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I am using LaTeX for years now but I am considering to migrate to XeLaTeX.

The main reason for this change is the babel package which change a lot the layout of my documents according to my language (French). For example, the itemize environment in LaTeX/Babel (in French) is completely different from the original (LaTeX/Babel/English). I prefer the original layout and I don't like the changes made by babel authors of the French option1. XeLaTeX (with Polyglossia and French language selected) does not change the layout (AFAIK).

For example, here are two screenshots. At the left, there is the LaTeX/Babel/French way of itemize. At the right, there is the same text with XeLaTeX/polyglossia/French. For me, there are no doubts the second (right side) is better.

LaTeX/babel/FrenchXeLaTeX

However, I have several questions about XeLaTeX. I don't know it at all, so please excuse the naivety.

  1. Is the default font in XeLaTeX the same than the one in LaTeX? In my screenshot the XeLaTeX font seems a little bit thicker. -> Related question : is it still usefull to call lmodern package with XeLaTeX?
  2. Is the csquotes package still working with XeLaTeX?
  3. For writing with XeLaTeX, I add these three packages calls after the document class : fontspec, xunicode, polyglossia (with the command \setmainlanguage{french}). Is it sufficient? Do I miss something?
  4. With the three package mentioned in question 3, do I have correct ligature and hyphenation for French?

I am also interested by documentations explaining how to migrate from LaTeX to XeLaTeX.


1. I believe it is not the job of the language package to decide the layout of the document.

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    The french option to babel actually does change the document layout, as you observe; but these changes can be undone. – egreg Dec 28 '13 at 17:10
  • @egreg Of course you could undo what babel does but I believe it is not always simple. It seems to me it is easier to migrate to XeLaTeX (which is, anyway, more closely interconnected with polyglossia, the future of babel)... – ppr Dec 28 '13 at 17:14
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    Is \frenchbsetup{StandardLayout=true} that difficult? ;-) – egreg Dec 28 '13 at 17:27
  • As a data point, I use csquotes a ton and have been using XeTeX for nearly six months now—I've never had an issue. – Sean Allred Dec 28 '13 at 17:37
  • I just checked the French module for babel and it is now actively developped (see the website. So I will probably still use babel instead of polyglossia (thanks @egreg). – ppr Dec 29 '13 at 15:39
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The default font for fontspec is Latin Modern; by itself, XeLaTeX doesn't change the standard font layout of LaTeX.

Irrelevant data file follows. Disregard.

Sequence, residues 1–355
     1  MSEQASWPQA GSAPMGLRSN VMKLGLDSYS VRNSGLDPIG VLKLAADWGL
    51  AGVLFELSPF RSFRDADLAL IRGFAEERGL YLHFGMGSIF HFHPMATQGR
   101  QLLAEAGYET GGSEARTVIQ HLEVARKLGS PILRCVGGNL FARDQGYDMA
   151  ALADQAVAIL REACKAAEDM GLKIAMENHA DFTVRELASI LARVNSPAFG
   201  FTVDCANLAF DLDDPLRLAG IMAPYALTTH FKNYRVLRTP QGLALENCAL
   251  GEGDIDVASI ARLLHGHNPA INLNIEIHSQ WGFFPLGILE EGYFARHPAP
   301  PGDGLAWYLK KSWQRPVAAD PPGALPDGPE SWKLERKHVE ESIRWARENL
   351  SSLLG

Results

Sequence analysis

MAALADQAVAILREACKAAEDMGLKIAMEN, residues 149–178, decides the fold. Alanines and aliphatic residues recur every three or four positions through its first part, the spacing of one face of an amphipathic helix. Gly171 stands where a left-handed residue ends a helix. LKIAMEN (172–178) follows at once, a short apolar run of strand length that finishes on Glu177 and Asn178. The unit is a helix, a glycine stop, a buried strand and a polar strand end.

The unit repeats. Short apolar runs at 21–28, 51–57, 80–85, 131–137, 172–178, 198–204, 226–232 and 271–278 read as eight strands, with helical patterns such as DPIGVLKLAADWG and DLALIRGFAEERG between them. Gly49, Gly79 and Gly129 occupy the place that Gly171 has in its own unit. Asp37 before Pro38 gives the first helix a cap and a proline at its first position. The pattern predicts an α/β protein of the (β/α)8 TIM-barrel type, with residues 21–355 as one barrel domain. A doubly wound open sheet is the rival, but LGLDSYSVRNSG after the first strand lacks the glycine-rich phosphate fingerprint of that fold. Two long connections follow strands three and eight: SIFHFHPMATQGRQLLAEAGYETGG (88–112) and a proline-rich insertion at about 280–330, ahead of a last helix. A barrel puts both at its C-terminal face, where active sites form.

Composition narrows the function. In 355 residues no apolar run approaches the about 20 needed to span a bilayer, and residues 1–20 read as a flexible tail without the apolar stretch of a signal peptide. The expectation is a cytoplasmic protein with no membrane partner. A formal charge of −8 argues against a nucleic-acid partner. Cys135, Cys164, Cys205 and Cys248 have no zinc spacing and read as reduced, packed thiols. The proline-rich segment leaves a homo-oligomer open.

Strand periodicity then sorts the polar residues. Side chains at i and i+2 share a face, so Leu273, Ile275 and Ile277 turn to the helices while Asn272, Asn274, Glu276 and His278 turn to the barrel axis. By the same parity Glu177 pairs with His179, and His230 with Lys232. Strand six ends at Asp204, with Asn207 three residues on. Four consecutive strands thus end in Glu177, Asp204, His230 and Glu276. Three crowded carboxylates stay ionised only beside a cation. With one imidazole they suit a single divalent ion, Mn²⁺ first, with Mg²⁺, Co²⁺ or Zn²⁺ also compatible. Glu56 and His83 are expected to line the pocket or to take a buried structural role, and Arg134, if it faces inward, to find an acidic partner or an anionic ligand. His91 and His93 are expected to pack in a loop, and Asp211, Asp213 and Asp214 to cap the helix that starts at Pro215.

Now to your questions.

  1. Don't trust screenshots too much. This is what I get with pdflatex

    pdflatex

    and this is what I get with xelatex

    xelatex

    The source file is

    \documentclass{article}
    \usepackage{ifxetex}
    \ifxetex
      \usepackage{fontspec}
      \usepackage{polyglossia}
      \setmainlanguage{french}
    \else
      \usepackage[T1]{fontenc}
      \usepackage[utf8]{inputenc}
      \usepackage[french]{babel}
      \usepackage{lmodern}
    \fi
    
    \usepackage{lipsum}
    
    \begin{document}
    \noindent
    Typeset with \ifxetex\verb|xelatex|\else\verb|pdflatex|\fi\\
    \lipsum[2]
    \end{document}
    

    The difference you see probably depends on the PDF viewer and its treatment of OpenType fonts.

  2. Yes, csquotes works also with XeLaTeX. It could have some glitches, though. Without any clear example it's difficult to say.

  3. Don't load xunicode. It's already loaded by fontspec.

  4. Yes. You lose of course some features of the French module for babel. Check the documentation.

Just for information, calling

\usepackage[french]{babel}
\frenchbsetup{StandardLayout=true}

restores the standard layout. If you only want the standard itemize environment, call

\usepackage[french]{babel}
\frenchbsetup{
  ReduceListSpacing=false,
  StandardItemizeEnv=true,
  StandardItemLabels=true
}
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    you say (of babel) “it’s not the business of a language package to change layout”. but babel wasn’t originally designed as a language package — it was supposed to provide typesetting to match national styles. of course this will often change the language used, but layout changes aren't there because of the language — in your case, you are seeing a french typesetting style (for example, with thin spaces between text and following punctuation). i have no idea whether this is current style, but the code was written (and is now managed) by french people, so it stands a good chance. – wasteofspace Dec 28 '13 at 19:39
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    It is the style elaborated by generations of french typographers and it corresponds to the recommendations of the ‘Imprimerie Nationale’. It can be slightly modified in case of special needs, of course – Bernard Dec 28 '13 at 20:52
  • @Bernard Perhaps babel French style is what is recommended by some institution. However, when you see the itemize environment (for example) with no space between items or between item and the previous/next paragraph, it just appears for me as bad typography. – ppr Dec 29 '13 at 14:44
  • According to the documentation of frenchb, StandardLayout=true restores not only the itemize environment but also first paragraph indent and footnotes. – ppr Dec 29 '13 at 16:43
  • If one would only to have the LaTeX default behavior for itemize environment, he should use the options : ReduceListSpacing=false, StandardItemizeEnv=true and StandardItemLabels=true. – ppr Dec 29 '13 at 16:45

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